The Art of Measuring
How To Measure for a Bra
Measuring for a bra is not always easy. It is helpful to keep in mind that the measuring process gives you a starting point, a springboard to explore from. It might take 2 or more tries before you find your perfect fit, even more so when comparing between brands and styles.
Our bands and cups are true to size. We try to make them fit their intended sizes properly without being too tight, nor too loose.
1) Measure your band size
Measure the underbust snugly without the tape cutting in. Ensure the tape is horizontal around the body. This is your band measurement. Do not add anything to the measure.
If your body is soft and you have a lot of compressibility in the measuring tape you may wish to round down to the next band. For example, if you measure 47” you might choose a 46” band.
If your body is firm and you do not have a lot of compressibility in the measuring tape, you might like to round up to the next band size. For example, you measure 29, you could select the 30” band.
That being said, if you simply like your band to be “tight”, choose the next size down.
If you prefer your band to be on the looser side, choose the next band size up. If you like it, it’s right for you.
2) Measure your cup size
Measuring the overbreast can be a little tricky. See detailed instructions here. If you have pendulous and/or soft breasts you can pull the measuring tape in a little snugger. If you have very firm breasts or implants, don’t cut into the breast tissue with the measuring tape. The tape should not in any way be loose on the body. In order to be as accurate as possible, it is best not to measure over a bra, especially a padded one or one that is too small.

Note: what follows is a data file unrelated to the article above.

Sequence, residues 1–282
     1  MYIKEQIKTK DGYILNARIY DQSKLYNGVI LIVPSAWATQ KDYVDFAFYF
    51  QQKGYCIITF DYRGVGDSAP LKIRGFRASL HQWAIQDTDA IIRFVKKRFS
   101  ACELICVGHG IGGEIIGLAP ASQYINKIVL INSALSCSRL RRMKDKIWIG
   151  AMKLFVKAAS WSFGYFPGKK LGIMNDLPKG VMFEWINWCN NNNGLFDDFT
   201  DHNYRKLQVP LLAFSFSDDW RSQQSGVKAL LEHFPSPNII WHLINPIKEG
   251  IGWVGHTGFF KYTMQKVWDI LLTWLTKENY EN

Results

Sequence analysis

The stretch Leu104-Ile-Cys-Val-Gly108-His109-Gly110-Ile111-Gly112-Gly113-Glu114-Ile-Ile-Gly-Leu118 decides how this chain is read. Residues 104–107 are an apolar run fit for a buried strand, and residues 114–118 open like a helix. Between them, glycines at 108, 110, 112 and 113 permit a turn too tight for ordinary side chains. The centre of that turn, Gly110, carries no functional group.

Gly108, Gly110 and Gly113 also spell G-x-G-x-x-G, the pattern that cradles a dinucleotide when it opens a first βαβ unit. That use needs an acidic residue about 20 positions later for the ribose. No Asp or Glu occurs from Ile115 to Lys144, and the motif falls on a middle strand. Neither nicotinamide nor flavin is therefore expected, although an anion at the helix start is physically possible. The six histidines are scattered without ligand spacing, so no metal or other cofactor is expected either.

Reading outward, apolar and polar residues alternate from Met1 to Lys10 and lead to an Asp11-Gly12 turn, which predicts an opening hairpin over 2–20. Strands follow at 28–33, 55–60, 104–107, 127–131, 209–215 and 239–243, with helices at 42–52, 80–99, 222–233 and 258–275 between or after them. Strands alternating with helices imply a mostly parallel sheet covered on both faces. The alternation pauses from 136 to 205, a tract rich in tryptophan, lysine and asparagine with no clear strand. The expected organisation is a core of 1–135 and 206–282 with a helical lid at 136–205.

If you wear a bra when measuring, try wearing a thin, unpadded bra to get the most accurate result. Avoid measuring the bra; the goal is to only measure breast tissue.
If your breasts are soft and you have a lot of compressibility in the measuring tape, round down to the nearest half inch increment. For example, if you measure 12 ¼” you should select 12” OB.
If your breasts are firm and you do not have a lot of compressibility in the measuring tape, you should round up to the next half inch increment. For example, if you measure 12 3/4”, you should select 13” OB.
It is very common to have two different sized breasts, but it is usually best to choose the larger breast as your overbreast measure (OB) because you can pad up the smaller side but can’t take away from the larger side.
Follow the instructions above depending on how soft your breasts are and then select the larger of those two sizes.
To make a bra for two different breast sizes enters the realm of custom bra-making. We wouldn’t be able to take returns for custom bras as the product would likely be not re-sellable.